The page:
The way you talk to yourself in the presence of diet culture can make the difference between shaking off the messages and getting sucked in. The shift away from diet culture is internal first. If you’ve dieted in the past or been around others preaching about their diets, there is a chance you hold negative thoughts about your appearance. Treating yourself with kindness, affirming your inherent worth, and reframing your relationship with your body are radical acts in the face of a system designed to be oppressive and punishing. What’s more, self-compassion interventions are associated with lower levels of disordered eating behaviors (Kelly & Tasca, 2016). It is going to take time and practice to escape diet culture’s grips. Try to notice when the diet culture voice is coming up for you and gently let it go.
Nipping diet talk in the bud may start with putting a moratorium on diet talk with your family, or unfollowing friends on social media who constantly post about their diet results. Diet culture disconnects us from our own needs, so asking for and acting upon what we need is a powerful rebellion against it. If appropriate, you might consider sharing the ways you have been harmed by diet culture. Another option could be simply changing the subject or leaving the room. Remember that diet culture beliefs are often deeply ingrained and diet talk can be reflexive, so it may take time and reminders for the boundary to be enforced.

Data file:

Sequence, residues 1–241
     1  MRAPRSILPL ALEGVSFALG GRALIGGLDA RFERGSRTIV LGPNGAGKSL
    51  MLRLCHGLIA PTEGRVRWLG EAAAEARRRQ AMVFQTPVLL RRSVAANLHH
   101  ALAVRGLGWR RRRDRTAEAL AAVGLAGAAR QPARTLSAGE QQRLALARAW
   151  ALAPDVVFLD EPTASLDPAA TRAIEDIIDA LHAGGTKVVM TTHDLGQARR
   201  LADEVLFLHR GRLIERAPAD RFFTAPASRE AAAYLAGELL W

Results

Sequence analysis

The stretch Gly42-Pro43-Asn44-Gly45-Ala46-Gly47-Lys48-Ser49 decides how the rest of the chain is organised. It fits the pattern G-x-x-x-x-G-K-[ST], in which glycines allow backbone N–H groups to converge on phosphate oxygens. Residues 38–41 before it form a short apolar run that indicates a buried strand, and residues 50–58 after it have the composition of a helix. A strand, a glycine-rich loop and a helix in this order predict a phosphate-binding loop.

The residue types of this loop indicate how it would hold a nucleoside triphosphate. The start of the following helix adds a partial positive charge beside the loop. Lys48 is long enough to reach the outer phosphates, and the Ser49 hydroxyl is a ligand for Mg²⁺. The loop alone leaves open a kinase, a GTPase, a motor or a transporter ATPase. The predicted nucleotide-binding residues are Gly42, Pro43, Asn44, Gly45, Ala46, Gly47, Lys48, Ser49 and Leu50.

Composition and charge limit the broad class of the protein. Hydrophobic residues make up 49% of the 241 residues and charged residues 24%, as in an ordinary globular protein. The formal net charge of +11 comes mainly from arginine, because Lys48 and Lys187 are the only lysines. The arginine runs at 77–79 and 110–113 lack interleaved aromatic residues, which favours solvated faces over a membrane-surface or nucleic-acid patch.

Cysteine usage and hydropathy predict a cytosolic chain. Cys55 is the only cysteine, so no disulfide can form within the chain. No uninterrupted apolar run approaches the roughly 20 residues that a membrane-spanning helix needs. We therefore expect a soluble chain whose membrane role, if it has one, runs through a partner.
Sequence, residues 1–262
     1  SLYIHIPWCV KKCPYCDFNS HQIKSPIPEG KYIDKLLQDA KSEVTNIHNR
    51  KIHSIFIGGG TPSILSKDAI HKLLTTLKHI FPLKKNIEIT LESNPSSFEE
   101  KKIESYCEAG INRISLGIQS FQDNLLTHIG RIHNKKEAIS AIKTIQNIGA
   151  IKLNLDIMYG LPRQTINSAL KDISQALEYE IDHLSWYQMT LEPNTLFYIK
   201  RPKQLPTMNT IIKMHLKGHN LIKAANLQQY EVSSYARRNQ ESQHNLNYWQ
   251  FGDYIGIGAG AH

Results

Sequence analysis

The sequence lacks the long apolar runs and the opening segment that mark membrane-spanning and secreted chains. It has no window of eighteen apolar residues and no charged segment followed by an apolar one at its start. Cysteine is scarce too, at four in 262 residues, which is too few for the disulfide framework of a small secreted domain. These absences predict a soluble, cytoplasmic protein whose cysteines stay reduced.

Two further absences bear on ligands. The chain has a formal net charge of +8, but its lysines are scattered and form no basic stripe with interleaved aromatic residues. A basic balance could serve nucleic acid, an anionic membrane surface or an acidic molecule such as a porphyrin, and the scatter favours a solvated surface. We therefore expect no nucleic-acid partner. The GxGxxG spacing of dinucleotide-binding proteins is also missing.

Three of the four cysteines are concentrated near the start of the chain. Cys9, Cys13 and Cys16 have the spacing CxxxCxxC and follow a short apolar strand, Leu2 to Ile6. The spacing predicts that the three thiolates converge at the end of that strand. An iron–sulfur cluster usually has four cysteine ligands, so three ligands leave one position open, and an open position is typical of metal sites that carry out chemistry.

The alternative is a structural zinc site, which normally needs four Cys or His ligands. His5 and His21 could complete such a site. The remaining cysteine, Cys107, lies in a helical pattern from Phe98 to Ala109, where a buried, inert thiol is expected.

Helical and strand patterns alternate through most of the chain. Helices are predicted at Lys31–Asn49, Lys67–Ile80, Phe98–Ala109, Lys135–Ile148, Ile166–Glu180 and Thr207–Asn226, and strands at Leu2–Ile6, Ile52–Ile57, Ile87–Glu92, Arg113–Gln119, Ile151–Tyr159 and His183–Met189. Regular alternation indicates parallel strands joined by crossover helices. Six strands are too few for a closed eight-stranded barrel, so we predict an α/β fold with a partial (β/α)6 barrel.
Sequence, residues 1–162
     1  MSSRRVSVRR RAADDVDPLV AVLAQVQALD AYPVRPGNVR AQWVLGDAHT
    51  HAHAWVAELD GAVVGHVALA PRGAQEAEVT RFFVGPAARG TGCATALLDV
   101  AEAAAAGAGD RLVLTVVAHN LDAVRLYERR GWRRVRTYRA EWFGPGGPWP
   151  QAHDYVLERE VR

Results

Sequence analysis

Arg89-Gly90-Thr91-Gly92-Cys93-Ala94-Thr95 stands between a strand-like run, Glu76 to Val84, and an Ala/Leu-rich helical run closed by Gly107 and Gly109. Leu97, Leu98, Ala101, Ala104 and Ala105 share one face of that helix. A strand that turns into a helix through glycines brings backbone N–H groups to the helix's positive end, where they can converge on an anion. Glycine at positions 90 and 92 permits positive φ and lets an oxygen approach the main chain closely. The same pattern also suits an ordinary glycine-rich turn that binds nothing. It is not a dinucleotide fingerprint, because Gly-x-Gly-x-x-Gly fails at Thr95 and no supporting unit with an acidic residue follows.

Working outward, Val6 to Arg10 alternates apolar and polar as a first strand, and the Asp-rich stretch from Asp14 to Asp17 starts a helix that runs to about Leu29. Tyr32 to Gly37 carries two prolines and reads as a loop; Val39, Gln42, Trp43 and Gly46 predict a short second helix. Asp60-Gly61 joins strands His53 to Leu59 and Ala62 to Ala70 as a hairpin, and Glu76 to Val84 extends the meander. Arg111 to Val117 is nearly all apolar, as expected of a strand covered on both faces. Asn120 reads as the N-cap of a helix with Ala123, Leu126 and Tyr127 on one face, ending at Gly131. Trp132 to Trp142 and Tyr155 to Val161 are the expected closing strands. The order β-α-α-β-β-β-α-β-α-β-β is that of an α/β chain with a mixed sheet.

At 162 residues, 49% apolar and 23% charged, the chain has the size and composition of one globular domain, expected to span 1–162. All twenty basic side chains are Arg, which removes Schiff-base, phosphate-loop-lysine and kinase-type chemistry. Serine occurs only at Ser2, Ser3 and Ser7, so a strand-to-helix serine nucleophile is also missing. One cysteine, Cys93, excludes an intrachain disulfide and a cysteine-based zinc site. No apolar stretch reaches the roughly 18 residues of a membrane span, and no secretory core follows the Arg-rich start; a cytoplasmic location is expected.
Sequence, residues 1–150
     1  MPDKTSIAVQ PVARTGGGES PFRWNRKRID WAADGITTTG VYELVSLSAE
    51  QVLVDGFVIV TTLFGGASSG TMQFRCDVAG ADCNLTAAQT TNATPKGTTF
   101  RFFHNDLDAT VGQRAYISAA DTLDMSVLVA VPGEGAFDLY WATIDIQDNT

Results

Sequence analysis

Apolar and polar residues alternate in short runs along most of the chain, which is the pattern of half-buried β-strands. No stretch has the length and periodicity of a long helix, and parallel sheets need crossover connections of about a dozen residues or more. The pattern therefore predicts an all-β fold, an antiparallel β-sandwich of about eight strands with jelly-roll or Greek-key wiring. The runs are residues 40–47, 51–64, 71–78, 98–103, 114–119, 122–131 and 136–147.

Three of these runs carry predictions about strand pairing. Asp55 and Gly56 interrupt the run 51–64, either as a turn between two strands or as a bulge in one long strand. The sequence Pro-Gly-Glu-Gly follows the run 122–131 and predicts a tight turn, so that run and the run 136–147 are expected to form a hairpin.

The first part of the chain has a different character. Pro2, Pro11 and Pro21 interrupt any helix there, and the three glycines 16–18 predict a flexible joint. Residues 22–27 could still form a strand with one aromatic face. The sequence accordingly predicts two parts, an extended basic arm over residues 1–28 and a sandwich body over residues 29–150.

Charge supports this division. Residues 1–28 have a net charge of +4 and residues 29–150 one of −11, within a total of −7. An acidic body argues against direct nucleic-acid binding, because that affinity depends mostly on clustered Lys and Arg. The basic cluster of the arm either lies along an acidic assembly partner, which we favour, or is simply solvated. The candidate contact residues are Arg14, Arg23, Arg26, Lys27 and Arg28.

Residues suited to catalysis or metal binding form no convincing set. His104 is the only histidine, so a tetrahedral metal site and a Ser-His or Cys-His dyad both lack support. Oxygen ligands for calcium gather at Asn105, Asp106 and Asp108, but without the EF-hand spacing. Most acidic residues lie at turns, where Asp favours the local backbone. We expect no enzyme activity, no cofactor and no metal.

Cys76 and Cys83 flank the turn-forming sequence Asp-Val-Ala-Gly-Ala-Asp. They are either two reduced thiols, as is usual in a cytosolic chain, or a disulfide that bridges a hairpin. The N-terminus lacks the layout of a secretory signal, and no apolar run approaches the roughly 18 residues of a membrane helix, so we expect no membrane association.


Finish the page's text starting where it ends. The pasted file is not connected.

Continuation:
Perhaps a personal boundary could be taking a social media break or working toward using social media less. We know that algorithms tend to push users toward harmful content that promotes eating disorders and body dissatisfaction. Keep yourself free of diet culture distractions.
We know that diet culture interventions are not sustainable or health-promoting over the long term. Companies that promote diet culture do not care about your well-being, your happiness, or your health. Their business is to turn a profit. Use this awareness to guide your own choices and muster compassion for those around you who may be caught up in the diet cycle. The more we empower ourselves with the knowledge of diet culture’s harms, the more empowered we become to shift the narrative for ourselves, and as a collective.
Consider what diet culture has taken from you, distracted you from, or caused you to miss out on. How has it shaped the way you view yourself and others? Freedom from diet culture and reconnection to your values is no easy feat, but it is such a worthwhile endeavor.
Diet culture is especially difficult to reject if you are struggling with an eating disorder. The Emily Program is here for you. To learn more, call 1-888-364-5977 or complete our online form.